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Am J Med Genet. 2000 Aug 28;93(5):403-9.

Genetic epidemiological study of keratoconus: evidence for major gene determination.

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  • 1Division of Medical Genetics, Medical Genetics Birth Defects Center, Steven Spielberg Research Center, Los Angeles, California, USA.


Keratoconus (KC) is a noninflammatory corneal thinning disorder and the major cause of cornea transplantation in the Western world. Genetic factors have been suggested in the cause of KC. We conducted a family study to investigate genetic contributions to the development of KC by evaluating familial aggregation and testing genetic models with segregation analysis. KC was diagnosed based on clinical criteria. Familial aggregation of KC was evaluated using both clinical status and three videokeratography indices generated by the Topographic Modeling System (TMS-1). The estimated KC prevalence in first-degree relatives was 3.34% (41/1,226, 95% CI: 3. 22-3.46%), which is 15 to 67 times higher than that in the general population (0.23-0.05%). For all three videokeratography indices, CK, IS, and KISA, KC propositi had significantly higher mean values than controls (all P < 0.0001). Clinically unaffected parents also had significantly higher values for these indices than controls (all P < 0.016). The correlation of KISA in sib and parent-offspring pairs (r = 0.30 and 0.22, respectively, both P < 0.0005) was significantly greater than that in marital pairs (r = 0.14), and the latter was not significantly different from zero. We performed segregation analysis on KISA in 95 families ascertained through KC propositi. Hypotheses of both sporadic and environmental models were rejected (P < 0.001); a major gene model was not rejected (P > 0.1). Additionally, the most parsimonious model was autosomal recessive. In conclusion, we observed strong evidence of familial aggregation in KC and its subclinical indices and this aggregation is likely due to a major gene effect.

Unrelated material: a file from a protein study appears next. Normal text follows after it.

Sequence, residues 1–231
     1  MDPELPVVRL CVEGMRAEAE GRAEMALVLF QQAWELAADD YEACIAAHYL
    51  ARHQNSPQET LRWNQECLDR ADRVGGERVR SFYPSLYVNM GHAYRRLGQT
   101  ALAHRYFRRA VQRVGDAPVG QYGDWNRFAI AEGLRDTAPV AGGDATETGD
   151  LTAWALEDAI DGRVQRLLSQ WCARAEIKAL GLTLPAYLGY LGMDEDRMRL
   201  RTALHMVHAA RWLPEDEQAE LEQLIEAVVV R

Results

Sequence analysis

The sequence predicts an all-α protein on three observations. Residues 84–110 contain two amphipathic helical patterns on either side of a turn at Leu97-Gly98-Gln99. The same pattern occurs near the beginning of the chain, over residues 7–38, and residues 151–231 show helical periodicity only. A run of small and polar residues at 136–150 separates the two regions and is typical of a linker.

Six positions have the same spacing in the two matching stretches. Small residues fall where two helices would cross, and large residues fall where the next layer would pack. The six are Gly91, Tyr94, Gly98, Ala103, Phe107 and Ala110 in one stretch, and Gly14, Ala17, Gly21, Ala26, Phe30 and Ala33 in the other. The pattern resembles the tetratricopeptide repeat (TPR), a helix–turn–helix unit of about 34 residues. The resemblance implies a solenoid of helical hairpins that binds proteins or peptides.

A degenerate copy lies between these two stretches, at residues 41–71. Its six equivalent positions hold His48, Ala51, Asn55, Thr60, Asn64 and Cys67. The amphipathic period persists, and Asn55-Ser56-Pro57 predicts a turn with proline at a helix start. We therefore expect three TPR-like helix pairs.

Copyright 2000 Wiley-Liss, Inc.

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